Where rigid minds see falsehoods, flexible minds see second chances

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Robert Maurer


Where rigid minds see falsehoods, flexible minds see second chances

Last update: December 03, 2016

Have you ever wondered why some people are unable to find solutions to problems and others, on the other hand, adapt easily to different situations?

The answer lies in the fact that people relate to each other differently depending on their expectations, past experiences, values ​​and personal emotional states. In this sense, flexible people interact better with others and in a healthier way.

Cognitive rigidity is a characteristic of people who do not dare to change their opinion and are unable to accept new alternative ideas. On the contrary, there are people with a critical, open mind and who recognize change. According to psychologist Walter Riso, the strength of flexible thinking lies in the fact that, despite obstacles, it allows you to reinvent yourself and be flexible to life events without complaining.

Riso argues that a person with a critical, fair and integral attitude has an open and healthy lifestyle, generates less stress, more happiness and less violence. Not only will he live better, but he will also contribute to the well-being of his community

Stiff people are more likely to develop depression

Rigid-minded people only select what is in line with their thoughts and ignore contradicting information. They do not take into account the nuances, so they insist on sticking to their opinions, what they say or do to the extreme, even the evidence proves that they are wrong. They come to lie, insult and despise in order to be right and not succumb to the uncertainty that would come from being wrong.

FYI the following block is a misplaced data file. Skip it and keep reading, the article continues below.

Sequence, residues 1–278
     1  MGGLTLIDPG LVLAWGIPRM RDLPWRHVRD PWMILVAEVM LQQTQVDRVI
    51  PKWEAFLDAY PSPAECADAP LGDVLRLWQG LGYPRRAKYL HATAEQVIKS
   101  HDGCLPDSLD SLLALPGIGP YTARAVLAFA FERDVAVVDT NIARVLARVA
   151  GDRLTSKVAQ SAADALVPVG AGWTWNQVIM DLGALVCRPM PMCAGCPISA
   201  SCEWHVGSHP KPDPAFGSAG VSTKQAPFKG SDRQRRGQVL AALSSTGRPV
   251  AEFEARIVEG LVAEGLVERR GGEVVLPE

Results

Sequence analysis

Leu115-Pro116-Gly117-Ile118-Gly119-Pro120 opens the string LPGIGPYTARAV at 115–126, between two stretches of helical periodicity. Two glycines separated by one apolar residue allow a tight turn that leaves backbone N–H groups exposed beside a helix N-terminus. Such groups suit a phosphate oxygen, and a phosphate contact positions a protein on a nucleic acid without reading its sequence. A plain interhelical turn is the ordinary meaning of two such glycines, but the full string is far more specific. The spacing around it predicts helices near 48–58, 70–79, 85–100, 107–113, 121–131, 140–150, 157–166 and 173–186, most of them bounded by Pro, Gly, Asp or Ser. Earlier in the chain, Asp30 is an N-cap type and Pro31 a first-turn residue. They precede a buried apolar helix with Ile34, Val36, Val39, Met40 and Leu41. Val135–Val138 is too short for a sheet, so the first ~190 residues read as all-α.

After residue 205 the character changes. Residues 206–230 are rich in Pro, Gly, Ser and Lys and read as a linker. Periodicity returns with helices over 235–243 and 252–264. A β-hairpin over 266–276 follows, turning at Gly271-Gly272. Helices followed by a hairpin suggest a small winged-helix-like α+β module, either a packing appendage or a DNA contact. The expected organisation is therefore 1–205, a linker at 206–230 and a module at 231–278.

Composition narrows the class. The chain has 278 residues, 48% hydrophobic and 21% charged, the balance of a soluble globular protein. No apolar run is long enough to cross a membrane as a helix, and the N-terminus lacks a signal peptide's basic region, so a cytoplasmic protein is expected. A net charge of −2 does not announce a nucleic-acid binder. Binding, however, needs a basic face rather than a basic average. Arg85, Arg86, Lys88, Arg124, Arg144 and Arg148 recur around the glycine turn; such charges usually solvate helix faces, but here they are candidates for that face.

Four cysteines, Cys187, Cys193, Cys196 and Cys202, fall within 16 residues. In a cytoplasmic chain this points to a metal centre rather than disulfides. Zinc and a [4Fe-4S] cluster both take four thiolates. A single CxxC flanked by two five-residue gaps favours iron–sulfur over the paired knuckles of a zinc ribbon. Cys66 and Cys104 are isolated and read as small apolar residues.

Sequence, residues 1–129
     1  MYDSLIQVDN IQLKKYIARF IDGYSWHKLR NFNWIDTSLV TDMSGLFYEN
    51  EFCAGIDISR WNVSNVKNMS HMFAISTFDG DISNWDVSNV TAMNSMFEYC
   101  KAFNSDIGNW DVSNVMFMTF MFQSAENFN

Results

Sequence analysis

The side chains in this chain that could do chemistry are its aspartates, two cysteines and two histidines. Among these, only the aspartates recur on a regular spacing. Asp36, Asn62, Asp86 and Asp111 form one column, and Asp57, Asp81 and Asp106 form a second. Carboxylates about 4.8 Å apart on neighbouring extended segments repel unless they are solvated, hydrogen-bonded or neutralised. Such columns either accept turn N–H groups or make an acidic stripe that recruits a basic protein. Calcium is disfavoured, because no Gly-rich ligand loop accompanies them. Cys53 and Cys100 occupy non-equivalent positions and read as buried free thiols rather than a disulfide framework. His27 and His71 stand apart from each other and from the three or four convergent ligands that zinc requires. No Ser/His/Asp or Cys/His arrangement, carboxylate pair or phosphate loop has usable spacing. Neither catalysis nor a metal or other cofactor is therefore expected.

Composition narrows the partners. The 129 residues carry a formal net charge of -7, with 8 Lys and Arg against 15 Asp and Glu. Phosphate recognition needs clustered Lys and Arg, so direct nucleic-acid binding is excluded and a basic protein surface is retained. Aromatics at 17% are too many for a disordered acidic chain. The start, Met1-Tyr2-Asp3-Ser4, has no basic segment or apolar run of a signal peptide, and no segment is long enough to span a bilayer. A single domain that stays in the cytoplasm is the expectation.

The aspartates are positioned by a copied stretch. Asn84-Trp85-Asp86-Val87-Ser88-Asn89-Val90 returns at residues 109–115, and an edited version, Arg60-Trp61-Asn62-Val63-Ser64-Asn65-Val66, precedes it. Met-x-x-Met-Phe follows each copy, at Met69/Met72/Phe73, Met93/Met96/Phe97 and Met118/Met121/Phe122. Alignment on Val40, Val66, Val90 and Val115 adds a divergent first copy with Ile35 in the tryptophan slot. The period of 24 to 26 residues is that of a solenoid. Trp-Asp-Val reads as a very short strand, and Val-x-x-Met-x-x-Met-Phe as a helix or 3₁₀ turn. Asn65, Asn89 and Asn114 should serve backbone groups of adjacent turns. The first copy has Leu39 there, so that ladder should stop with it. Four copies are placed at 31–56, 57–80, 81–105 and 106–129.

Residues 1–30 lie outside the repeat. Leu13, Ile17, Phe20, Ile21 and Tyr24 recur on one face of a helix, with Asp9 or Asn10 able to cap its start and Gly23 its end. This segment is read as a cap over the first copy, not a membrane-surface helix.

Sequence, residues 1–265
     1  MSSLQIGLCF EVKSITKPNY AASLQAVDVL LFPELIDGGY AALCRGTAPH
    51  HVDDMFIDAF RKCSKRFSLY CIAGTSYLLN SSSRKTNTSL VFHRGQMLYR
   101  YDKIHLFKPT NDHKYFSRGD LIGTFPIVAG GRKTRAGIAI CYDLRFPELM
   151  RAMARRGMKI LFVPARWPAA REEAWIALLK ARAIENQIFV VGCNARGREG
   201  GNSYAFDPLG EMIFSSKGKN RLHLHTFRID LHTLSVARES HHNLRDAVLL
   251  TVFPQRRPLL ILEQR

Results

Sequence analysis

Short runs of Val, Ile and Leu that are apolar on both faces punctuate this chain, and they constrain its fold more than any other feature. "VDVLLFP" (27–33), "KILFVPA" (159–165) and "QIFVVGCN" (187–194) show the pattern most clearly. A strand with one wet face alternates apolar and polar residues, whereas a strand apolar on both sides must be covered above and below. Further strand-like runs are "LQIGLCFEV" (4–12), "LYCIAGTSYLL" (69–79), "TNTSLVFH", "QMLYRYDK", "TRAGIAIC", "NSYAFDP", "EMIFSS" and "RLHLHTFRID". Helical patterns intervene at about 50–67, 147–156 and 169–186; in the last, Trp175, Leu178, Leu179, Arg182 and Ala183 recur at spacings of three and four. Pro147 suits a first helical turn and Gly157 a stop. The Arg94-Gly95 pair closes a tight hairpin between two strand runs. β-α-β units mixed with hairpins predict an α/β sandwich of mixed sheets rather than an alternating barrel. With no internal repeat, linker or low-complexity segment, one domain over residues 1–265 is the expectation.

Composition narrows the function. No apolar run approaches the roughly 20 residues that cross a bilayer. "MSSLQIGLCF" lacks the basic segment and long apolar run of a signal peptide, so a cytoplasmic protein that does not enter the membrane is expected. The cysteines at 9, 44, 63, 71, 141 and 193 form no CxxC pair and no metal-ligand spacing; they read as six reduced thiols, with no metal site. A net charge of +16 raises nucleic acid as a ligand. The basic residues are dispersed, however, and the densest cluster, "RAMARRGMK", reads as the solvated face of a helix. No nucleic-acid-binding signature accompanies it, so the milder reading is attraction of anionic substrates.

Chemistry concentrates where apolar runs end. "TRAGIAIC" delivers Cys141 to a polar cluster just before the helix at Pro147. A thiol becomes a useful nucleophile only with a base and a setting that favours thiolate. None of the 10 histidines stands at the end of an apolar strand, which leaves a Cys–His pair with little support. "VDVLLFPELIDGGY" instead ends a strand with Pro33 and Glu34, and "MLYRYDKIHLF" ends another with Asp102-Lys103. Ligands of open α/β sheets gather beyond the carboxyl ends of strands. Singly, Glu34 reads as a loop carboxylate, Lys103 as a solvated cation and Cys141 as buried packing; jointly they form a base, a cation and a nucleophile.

Rigid and absolutist minds experience changes as a weakness and prefer to avoid anything that disagrees with their thinking, for this reason. they are at risk of developing certain disorders, such as depression. These people draw conclusions without having enough information and feel compelled to act, in a sense, without deepening or listening to the opinion of their opponents.

They are people who think that whoever is not on their side or does not think like them is against them. This way of thinking is fueled by the fear of finding out that they are wrong and realizing that their life is based on false beliefs. They have an extreme fear of losing the confidence of leaders, of the wisest or most lucid, of not being able or prepared to face the demands that a change entails.

The power of flexible minds

Flexible-minded people stand out because they change their mindset in a gradual and identifiable way. They are balanced, fair, respectful of others and always try to avoid exclusion. They do not waver in the face of superficial and unconscious thoughts that usually lead to a spiral of negativity and suffering.

Flexible people try to free themselves from obligations and "shoulds", from irrational automatisms that feed on inflexible requests to themselves, to others, to the world in general. They reject any form of individual authoritarianism or totalitarianism.

Neuroscience tells us that we can change mindsets by creating new neuronal connections in the brain by strengthening them with our thinking. For this reason, the real change in mentality resides in the brain and in the neurons we use to think and behave in certain ways.

As a result, flexible minds see life from different angles, accepting the fact that sometimes they can be wrong, instead rigid minds see their thinking pattern as the one and only.

We were all wrong in judging a person at first impression and this has become one of our best friends. If this person continued to think about the opinion we initially had of her, she would use a rigid and absolutist way of thinking that would not correspond to the reality of the present.

Mentally rigid people find it difficult to forgive and accept their responsibility or part of the blame in problems, so they can only see falsehoods where there are second chances.

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